There also may be the thought that the client paid the bill, so they must be satisfied with the work and there is no need to gather feedback. Cartusciello cautions this is not always the case, and relying on past client behavior may not predict future success. In her previous work with an organization focused on in-house counsel needs and desires, survey responses from in-house practitioners showed that 45% of them had fired their law firm in the past two years. Many of the respondents noted they had not directly called the law firm to fire them but had stopped working with the firm following the closing of the last engagement and paying of the bill.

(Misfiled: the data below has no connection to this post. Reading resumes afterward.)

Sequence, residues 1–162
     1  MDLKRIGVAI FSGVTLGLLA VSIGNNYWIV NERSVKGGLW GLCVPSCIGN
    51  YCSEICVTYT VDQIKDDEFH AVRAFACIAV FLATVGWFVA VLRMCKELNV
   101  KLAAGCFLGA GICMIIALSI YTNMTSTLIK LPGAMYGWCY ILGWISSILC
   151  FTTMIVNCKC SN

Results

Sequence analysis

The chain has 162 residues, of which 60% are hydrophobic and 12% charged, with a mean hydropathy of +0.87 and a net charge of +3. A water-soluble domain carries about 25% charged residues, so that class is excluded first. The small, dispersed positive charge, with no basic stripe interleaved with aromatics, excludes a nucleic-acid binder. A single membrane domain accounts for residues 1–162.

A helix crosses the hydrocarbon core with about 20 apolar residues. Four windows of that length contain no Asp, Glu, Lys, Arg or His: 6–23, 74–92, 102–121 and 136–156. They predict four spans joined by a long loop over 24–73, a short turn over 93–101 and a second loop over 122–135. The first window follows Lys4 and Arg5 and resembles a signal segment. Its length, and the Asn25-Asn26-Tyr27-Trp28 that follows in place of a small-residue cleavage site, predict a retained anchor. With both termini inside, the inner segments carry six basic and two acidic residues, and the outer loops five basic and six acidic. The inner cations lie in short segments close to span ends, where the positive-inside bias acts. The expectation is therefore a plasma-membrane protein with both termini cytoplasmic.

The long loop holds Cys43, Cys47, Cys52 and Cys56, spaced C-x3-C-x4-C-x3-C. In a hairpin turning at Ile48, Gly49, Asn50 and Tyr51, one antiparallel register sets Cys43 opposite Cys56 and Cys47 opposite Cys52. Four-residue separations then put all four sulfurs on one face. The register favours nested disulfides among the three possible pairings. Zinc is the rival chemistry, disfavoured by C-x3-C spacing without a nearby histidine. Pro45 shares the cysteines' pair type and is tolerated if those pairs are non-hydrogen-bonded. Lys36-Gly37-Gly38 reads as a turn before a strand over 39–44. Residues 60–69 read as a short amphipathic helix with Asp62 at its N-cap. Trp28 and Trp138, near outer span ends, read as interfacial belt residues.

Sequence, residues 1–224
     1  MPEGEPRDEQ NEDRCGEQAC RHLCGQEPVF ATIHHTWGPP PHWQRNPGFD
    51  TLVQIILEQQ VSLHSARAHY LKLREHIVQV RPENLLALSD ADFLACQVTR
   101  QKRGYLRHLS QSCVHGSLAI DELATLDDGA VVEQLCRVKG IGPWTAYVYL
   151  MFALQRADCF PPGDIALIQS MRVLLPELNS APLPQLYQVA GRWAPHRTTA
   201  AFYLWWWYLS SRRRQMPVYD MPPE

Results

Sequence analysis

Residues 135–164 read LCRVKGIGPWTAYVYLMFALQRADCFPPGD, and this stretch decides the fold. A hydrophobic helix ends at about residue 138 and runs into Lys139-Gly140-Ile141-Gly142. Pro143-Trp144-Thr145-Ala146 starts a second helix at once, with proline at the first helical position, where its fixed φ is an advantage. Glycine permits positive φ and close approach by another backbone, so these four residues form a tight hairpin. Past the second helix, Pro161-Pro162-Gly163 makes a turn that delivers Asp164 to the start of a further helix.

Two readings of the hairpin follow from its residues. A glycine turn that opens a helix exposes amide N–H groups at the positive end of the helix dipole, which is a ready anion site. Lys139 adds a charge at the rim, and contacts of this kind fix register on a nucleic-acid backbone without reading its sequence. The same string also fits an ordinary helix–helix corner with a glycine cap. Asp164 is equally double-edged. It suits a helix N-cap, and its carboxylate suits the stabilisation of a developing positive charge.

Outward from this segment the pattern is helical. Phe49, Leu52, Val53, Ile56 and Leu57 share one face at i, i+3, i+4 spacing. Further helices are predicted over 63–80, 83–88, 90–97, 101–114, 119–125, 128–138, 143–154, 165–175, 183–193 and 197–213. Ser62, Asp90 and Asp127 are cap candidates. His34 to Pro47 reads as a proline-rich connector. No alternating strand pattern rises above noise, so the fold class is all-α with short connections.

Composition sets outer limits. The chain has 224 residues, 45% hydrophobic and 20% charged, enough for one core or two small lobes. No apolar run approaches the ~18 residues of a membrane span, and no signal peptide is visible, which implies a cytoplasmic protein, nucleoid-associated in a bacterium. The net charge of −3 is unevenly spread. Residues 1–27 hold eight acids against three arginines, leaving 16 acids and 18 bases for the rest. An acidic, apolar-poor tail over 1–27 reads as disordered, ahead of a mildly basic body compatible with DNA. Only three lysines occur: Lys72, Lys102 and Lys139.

Internally, there may also be pushback because of the risk of receiving critical feedback and not knowing how to respond. Cartusciello suggests being proactive and responding as soon as possible. Clients will give credit to law firms for trying to gather and act on feedback, although it might not be solved immediately. Law firms may stray into the danger zone if a client believes there is a problem that the firm should know about, even if the question had not been asked.

Cartusciello mentioned another common objection is firms already know what their clients are thinking. While an attorney may know what one specific client is thinking, do they know what the firm’s other clients are thinking? The experience a client has with each attorney from a firm informs their overall opinion. While they may be happy with one attorney, they might not have a great experience with another attorney or practice area, and the firm has lost out on a cross-selling opportunity.

Now more than ever, it is important that law firms focus on providing excellent client service.

Questions in a Client Feedback Interview